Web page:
On February 28 2008 the Federal Aviation Administration (FAA) published a notice of proposed rulemaking that would require re-registration of existing aircraft registrations, as well as renewals of existing and new registrations on a three-year rolling basis. The FAA is expected to issue its final rules in the near future. Law enforcement and other government agencies spurred these proposed changes out of concern over the FAA Registry's inaccurate and out-of-date information on the registered owners of aircraft. The FAA estimates that the owners of 34,000 aircraft - approximately one-third of all aircraft on the register - cannot be positively or verifiably identified. This lack of certainty poses a problem to law enforcement agencies, particularly with respect to their fight against drug smuggling and continuing efforts to ensure homeland security. As the new framework for aircraft registration offered in the proposed regulations significantly changes the FAA's current system, various industry voices have raised concerns.
Under the new system proposed by the FAA, any aircraft registered before the effective date of the proposed rule will be required to re-register by submitting a new AC Form 8050-1 aircraft registration application with the applicable fee to the FAA during a specific three-month period, to be determined by the month of issue of the existing certificate. In addition, any certificate of aircraft registration issued after the effective date of the regulations, regardless whether this is due to re-registration or new registration, will expire after three years. To renew registration after this period elapses the aircraft owner will be required to file an aircraft registration renewal with the applicable fee to the FAA which, on processing, will issue a new certificate of registration valid for a further three years. Thus, the renewal process must be repeated every three years.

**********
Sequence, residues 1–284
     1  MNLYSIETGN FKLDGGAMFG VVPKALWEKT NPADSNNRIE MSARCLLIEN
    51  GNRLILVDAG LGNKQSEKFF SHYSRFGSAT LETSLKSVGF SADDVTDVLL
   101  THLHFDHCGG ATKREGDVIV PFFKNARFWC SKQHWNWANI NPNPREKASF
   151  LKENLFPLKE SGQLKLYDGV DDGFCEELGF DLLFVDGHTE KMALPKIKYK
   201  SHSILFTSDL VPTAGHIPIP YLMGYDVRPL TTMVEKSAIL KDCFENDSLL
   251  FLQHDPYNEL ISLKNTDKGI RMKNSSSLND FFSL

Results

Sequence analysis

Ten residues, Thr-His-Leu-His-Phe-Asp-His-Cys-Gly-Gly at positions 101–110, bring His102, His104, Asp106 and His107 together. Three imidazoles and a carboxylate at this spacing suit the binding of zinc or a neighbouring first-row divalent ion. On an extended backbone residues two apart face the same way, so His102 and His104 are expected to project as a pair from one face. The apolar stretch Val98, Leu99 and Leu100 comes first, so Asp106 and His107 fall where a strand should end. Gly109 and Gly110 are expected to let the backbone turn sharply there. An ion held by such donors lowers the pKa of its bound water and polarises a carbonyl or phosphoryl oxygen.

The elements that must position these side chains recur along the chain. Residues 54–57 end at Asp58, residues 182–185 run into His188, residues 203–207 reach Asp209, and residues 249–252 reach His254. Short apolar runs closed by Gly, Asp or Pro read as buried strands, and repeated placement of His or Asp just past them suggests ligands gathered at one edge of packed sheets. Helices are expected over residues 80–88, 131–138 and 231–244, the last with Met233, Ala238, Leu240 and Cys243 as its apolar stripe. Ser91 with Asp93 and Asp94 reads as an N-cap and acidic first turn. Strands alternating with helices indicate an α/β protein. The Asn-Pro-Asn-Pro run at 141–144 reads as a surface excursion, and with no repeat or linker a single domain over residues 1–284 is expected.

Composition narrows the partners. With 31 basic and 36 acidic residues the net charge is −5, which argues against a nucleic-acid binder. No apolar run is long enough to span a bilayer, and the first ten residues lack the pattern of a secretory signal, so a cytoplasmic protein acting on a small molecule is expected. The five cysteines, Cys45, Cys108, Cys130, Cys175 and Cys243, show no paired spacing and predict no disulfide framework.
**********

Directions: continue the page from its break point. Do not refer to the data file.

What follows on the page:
As currently proposed, the FAA plans to notify registered owners 120 days before the existing registration expires. However, the final burden to ensure the registration's validity rests with the aircraft owner, rendering failure to receive the 120-day notice insufficient excuse for the owner's failure to renew. Furthermore, the FAA recommends that the applicant apply for renewal 90 days before the certificate of registration expires, to allow for government processing and the timely receipt of the new certificate before the old one lapses. There will be no temporary authority to fly if the current registration expires, unlike the current practice which provides a new buyer with temporary authority to operate in the United States under the pink copy of the aircraft registration application. Violation of this rule by operating before receipt of the renewal certificate will constitute unauthorized operations, exposing the owner to liability and FAA penalties.
The proposed rule differs from the existing registration regime, which provides registrations that generally do not expire. Under the proposed regulations, the registered owner will bear all responsibility for meeting the renewal requirements, as well as any consequences resulting from failure to do so. The FAA believes that the requirement to re-register and/or renew will better ensure a consistently comprehensive, up-to-date aircraft registry. To compel compliance, the proposed regulations will invalidate aircraft registration when a certificate expires and cancel the FAA-assigned N-number 30 days after the specific period of time during which the aircraft was scheduled for re-registration or renewal.